Fiddler Press

The Kansas City Star (excerpts):

Spinning Tree Theatre tapped Gary Neal Johnson, who ranks among the city’s most respected actors, to step into Tevye’s boots for its affecting production. Johnson’s immersion in the role appears effortless as he combines depth of feeling and flawless comic timing to bring Tevye to life.

Andrew Parkhurst and Michael Grayman, who co-directed and co-choreographed the show, surround Johnson with a big company of talented performers who fill the relatively intimate Just Off Broadway with life and color. “Fiddler” requires an enormous cast and in the big numbers virtually every inch of the stage is filled by actors and dancers.

But watching this show in a small theater gives viewers a unique perspective. In the quieter moments, the actors are able to achieve an intimacy that simply wouldn’t be possible at Starlight or the Music Hall.

Julie Shaw brings her customary poise and underplayed sense of humor to Golde, Tevye’s perpetually exasperated wife. The three principal daughters are played memorably by Kami Rogers as Tzeitel, who marries Motel (Bob Wearing), the tailor, after compelling her father to negate his marriage agreement with the local butcher; Sara Belhouari as Hodel, who falls in love with the young radical teacher Perchik (Mead D’Amore); and Megan Herrera as Chava, who breaks Tevye’s heart by marrying a young Russian, Fyedka (Seth Macchi).

T.J. Lancaster stands out as Lazar Wolf, butcher, alongside strong supporting performances by Nancy Nail as Yente the Matchmaker, Trevor Belt as the Rabbi, Devin Burns as Mendel (the Rabbi’s son) and Michael Golliher as Mordcha (the inkeeper).

The small band, led by musical director Angie Benson on keyboards and accordion, shows just how good Bock’s music is without lavish orchestrations. Jonathan Lloyd Schriock is the Fiddler and plays his instrument with authoritative ease. Kudos to sound designer Jeff Eubank for keeping the many voices and instruments in proper balance throughout.

Matt Mott’s scenic design is spare but effective awhile Kate Mott’s costumes, though grounded in reality, at times shimmer with color. Making a particularly potent contribution is Shane Rowse’s lighting design, which is by turns vivid and nuanced.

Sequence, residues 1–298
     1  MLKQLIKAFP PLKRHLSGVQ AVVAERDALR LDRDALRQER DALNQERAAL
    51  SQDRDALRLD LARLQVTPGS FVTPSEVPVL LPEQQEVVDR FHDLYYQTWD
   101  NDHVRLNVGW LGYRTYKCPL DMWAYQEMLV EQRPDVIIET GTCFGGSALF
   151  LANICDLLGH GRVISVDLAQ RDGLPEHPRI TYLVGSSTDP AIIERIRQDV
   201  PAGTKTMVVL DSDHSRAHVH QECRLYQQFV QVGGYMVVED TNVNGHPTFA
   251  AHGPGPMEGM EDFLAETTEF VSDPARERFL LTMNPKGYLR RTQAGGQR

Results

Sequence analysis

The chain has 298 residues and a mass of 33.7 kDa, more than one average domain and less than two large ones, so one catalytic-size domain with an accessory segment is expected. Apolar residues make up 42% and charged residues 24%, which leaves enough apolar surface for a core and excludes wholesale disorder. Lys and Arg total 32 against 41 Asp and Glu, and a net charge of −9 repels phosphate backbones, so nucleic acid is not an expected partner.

In essence, this show is about the inevitably of change. Tradition is always vulnerable to historical forces. We can plan our lives but never predict the future. This production articulates those themes beautifully.

 

The Pitch (excerpts):

Spinning Tree Theatre’s Michael Grayman and Andy Parkhurst have grabbed hold of the story’s essence and created a thoughtful, funny and moving production…

…(Gary Neal) Johnson (as Tevye) is note-perfect, with a multilayered portrayal that’s sensitive, heartfelt and humorous.

Julie Shaw inhabits Tevye’s wife, Golde, with the right mixture of aloofness and wifely meddling as a woman who knows her place but can still yield power. Their “Do You Love Me?” touchingly hits at the essence of their 25-year marriage. Their three oldest daughters (Kami Rodgers, Sara Belhouari and Megan Herrera) bring distinct voices to roles that not only represent society’s constraints…but also the changes encircling the family. (In a second supporting role, Rodgers also comically portrays her dead Grandma Tzeitel in a hilarious nightmare sequence, “The Dream,” in Act 1.)

A large cast has been assembled, more performances than can be noted in this space. But a few highlights: Bob Wearing wears fear and uncertainty like well-fitting clothes, eliciting sympathy for his weak-kneed tailor Motel, who courts eldest daughter Tzeitel. We feel his joy in his celebratory “Miracle of Miracles.” T. J. Lancaster brings a strong presence as Lazar Wolf… Also good is Mead D’Amore as Perchik… And in a small role, Matthew A. King lends his charisma and powerful singing voice to the Russian soldier Sasha.

The exceptional musicians play an integral part in this production and are woven into scenes as members of the community: Fiddler Jonathan Lloyd Schriock, music director Angie Benson on piano and accordion, Joe Levens on guitar and mandolin, and James Westbrook on clarinet. This fusion makes for smooth segues and for especially fluid storytelling.

 

KCMetropolis (excerpts):

…presented with tightness of execution, great humor, and poignancy by Spinning Tree Theatre.

Spinning Tree Theatre brings this big story to the intimate Just Off Broadway Theatre, and it comes to life in the hands of some of Kansas City’s biggest local stars.

Gary Neal Johnson stars as Tevye, the story’s colorful protagonist, and Julie Shaw joins him as Golde, his wife. Both together and apart, these two are perfectly matched for these parts. Johnson perfectly captures Tevye’s odd balance of wisdom and foolishness, as well as his constant struggle to reconcile the way the world seems to be and the way that tradition would indicate it ought to be. Shaw’s Golde is sardonic but compassionate, and her comic timing is a dream. The pair did a fabulous job with on eof the sweetest, tenderest moments in the musical theatre canon, “Do You Love Me,” turning it into an almost shy conversation between partners who have never considered if their relationship extended to include feelings of affection.

The persistent element of realism in this production was most impactful; Grayman and Parkhurst have embraced what are the company’s strengths, and have dispensed with elements that might prove distracting or unnecessary. This production excelled in its use of achievable choreography, lack of distracting accents, and a commitment to the talents of their actors and crew above all else.

…Kansas Citians would be highly advised to spend an evening visiting the small village of Anatevka and the warmth, humor, and humanity that lives there.